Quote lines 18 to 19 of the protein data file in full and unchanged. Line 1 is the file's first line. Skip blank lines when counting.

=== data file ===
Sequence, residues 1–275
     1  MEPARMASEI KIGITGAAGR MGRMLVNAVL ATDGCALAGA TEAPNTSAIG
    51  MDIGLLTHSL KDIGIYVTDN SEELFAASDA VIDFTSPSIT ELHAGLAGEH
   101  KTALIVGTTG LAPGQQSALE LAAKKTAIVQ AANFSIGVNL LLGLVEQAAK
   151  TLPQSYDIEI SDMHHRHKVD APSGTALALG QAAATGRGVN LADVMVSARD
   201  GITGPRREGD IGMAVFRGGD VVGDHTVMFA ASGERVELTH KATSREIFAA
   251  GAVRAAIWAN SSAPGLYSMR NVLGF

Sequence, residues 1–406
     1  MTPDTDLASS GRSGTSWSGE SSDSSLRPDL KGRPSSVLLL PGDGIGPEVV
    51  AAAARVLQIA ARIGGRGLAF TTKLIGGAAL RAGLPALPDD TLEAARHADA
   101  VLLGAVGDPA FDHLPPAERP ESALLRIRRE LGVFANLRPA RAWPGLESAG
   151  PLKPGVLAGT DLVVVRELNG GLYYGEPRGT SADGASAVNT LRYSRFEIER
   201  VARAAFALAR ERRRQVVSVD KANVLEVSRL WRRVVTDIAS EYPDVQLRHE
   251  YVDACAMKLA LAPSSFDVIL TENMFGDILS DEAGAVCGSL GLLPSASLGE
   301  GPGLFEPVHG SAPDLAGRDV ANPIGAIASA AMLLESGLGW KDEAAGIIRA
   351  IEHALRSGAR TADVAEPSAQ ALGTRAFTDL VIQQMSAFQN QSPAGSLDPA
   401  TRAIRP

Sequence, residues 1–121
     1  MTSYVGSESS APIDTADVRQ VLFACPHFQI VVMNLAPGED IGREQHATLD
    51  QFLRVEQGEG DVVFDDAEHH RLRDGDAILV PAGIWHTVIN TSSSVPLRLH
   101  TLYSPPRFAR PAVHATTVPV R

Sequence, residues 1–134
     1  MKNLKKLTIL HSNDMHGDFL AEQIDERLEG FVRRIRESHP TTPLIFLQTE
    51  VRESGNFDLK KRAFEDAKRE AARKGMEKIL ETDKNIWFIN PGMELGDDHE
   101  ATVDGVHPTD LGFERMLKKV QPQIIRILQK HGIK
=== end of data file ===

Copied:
Sequence, residues 1–121
     1  MTSYVGSESS APIDTADVRQ VLFACPHFQI VVMNLAPGED IGREQHATLD